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Spring 2016

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King County Go, Green Team blog!

Register now for King County’s new 2016-17 assembly show

Shopping scene from assembly

A brand new King County waste reduction and recycling elementary school assembly show is coming in September. The new assembly will teach students how to make sustainable choices for their school and environment. Recycling, food waste prevention and composting, and climate change will be among the topics addressed through fun, interactive skits by talented and engaging actors. King County’s assemblies consistently receive rave reviews from students and teachers alike. Scheduling for specific dates will start in August. Sign up now to get on the first-come, first-served list.


King County honors Earth Heroes at School

Earth Heroes at School Group Photo

On May 5, Solid Waste Division Director Pat McLaughlin recognized 10 students, four student environmental clubs, seven staff, three teachers, and four schools as 2016 King County Earth Heroes as School. Twelve school districts were represented. Each spring, the program celebrates King County students, teachers, staff, and volunteers who do exceptional work at their school or beyond to protect our environment.

Here are a few examples of this year’s Earth Hero projects:

  • Building a garden to serve as an outdoor community learning space and donating the harvest to school families and the local food bank.
  • Collecting paper towels from the school bathrooms and sending them to the compost center.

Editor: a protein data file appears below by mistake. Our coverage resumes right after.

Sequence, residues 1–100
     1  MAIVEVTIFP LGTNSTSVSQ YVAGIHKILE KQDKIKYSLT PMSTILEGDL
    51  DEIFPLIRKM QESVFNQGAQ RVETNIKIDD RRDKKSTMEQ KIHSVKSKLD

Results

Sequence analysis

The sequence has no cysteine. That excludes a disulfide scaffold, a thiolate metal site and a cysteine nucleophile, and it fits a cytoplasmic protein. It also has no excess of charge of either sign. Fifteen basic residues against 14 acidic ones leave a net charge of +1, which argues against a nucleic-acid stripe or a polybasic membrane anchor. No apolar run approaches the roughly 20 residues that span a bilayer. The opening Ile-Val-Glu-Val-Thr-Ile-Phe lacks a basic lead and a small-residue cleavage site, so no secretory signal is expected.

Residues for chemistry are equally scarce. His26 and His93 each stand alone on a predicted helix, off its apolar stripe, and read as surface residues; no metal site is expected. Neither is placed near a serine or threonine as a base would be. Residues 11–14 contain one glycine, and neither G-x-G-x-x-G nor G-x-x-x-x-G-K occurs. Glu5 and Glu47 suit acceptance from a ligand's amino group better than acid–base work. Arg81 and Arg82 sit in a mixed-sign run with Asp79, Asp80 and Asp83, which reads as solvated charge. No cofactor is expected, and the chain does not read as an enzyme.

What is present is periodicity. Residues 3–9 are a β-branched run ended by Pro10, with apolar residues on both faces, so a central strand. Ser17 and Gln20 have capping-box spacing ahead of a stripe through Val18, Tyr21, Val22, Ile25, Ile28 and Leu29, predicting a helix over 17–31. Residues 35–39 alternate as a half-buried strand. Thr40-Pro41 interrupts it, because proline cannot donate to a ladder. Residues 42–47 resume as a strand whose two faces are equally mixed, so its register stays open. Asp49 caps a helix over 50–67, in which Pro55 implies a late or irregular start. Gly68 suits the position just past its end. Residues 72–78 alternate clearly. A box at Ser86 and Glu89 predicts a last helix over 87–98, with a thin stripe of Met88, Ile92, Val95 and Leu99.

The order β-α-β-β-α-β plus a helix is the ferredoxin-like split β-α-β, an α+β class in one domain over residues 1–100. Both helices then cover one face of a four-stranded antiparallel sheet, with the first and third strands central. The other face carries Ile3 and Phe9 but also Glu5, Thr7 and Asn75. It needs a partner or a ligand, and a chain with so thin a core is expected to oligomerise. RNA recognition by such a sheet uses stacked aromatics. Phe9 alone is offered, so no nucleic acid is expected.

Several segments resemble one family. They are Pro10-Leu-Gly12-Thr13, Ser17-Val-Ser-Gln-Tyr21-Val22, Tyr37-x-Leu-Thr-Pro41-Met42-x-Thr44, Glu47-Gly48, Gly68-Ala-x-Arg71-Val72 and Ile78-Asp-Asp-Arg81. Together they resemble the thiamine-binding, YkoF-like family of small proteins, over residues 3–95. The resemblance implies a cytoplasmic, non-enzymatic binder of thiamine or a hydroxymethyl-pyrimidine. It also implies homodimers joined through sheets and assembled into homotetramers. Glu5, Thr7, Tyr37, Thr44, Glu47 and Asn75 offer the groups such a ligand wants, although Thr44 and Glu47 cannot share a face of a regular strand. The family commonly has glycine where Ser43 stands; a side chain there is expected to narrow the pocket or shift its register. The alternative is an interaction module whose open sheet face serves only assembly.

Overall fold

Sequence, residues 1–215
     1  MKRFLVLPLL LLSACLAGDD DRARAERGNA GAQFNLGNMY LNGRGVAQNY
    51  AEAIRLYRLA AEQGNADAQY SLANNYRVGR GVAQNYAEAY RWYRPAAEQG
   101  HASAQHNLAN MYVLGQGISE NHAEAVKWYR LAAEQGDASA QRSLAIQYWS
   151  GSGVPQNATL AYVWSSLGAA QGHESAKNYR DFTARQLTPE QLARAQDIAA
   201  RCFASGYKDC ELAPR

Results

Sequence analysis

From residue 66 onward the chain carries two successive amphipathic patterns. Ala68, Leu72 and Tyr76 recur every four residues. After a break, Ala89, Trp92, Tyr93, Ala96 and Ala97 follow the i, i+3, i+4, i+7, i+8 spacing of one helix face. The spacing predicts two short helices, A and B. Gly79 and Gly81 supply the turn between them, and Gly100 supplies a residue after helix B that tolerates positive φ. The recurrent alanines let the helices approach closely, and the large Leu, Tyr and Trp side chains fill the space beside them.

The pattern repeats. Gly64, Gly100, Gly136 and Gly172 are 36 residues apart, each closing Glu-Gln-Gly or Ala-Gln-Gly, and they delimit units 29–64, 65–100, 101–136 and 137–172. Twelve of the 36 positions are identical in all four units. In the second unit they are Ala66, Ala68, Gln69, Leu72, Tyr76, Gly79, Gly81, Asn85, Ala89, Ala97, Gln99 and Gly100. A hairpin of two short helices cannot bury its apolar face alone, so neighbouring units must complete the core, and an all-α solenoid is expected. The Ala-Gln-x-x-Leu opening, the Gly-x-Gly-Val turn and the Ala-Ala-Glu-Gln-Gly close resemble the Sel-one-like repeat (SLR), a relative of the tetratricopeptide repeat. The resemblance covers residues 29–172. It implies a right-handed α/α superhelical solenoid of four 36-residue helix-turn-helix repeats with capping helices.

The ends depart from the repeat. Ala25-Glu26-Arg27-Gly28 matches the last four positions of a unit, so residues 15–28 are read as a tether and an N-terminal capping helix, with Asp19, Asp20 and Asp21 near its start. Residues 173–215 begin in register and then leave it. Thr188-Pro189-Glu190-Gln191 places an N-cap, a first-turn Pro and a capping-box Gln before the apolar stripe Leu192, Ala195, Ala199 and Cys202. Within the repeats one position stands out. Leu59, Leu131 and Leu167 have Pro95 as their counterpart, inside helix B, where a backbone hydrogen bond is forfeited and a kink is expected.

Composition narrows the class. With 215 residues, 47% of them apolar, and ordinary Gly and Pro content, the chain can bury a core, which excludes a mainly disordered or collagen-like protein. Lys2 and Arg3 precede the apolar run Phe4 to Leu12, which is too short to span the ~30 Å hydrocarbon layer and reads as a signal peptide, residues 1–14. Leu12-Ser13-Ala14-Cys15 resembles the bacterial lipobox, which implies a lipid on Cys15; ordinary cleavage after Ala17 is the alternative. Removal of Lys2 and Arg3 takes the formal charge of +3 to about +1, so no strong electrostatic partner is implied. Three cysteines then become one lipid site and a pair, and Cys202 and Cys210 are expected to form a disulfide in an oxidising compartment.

• Connecting special education and leadership students in the operation of the recycling program.
  • Having middle school students teach elementary school students about food waste prevention and other environmental topics.
  • Producing a “We Create Change” fundraiser for the protection of wildlife and ecosystems.

See the complete list of winners and their projects.


Elementary Green Team news

Almost 60 elementary Green Teams have registered with King County. They represent a variety of efforts to conserve resources and educate others about waste reduction and recycling, water and energy conservation, gardening, food waste collection and other issues. Here are just a few of their projects.

Elizabeth Wing’s third-grade Green Team at Carnation Elementary School has made paper reuse trays for each classroom; created a pledge, a video, and posters to remind others to rethink, reduce, reuse, and recycle; and provided recycling presentations in the community. Ms. Wing was honored as a 2016 King County Earth Hero at School for engaging students in conservation practices every day and teaching them to be stewards of the environment.

The green team at Cottage Lake Elementary, a 2016 King County Earth Hero at School, has continued its waste reduction efforts begun in 2014. It has maintained its 60 percent recycling rate through outreach activities such as weekly reminder announcements, school-wide recycling pick-up, recycling signs and posters, paper-reuse boxes, and reminders to turn off light switches. Green Team members also make classroom presentations about reducing, reusing, and recycling. These efforts have increased awareness and action both at school and at home.

Sun Hong and Alexis Lolley, Green Gables Elementary School, are two active Green Team members recognized as 2016 King County Earth Heroes at School. They have contributed to the weekly Green Tips of the Week, helped write the school slogan Think Clean, Think Green, wrote a school chant and shared it at the monthly assembly, launched a water conservation poster contest, and helped produce a “We Create Change” fundraiser for the protection of wildlife and ecosystems.

paper-maché globes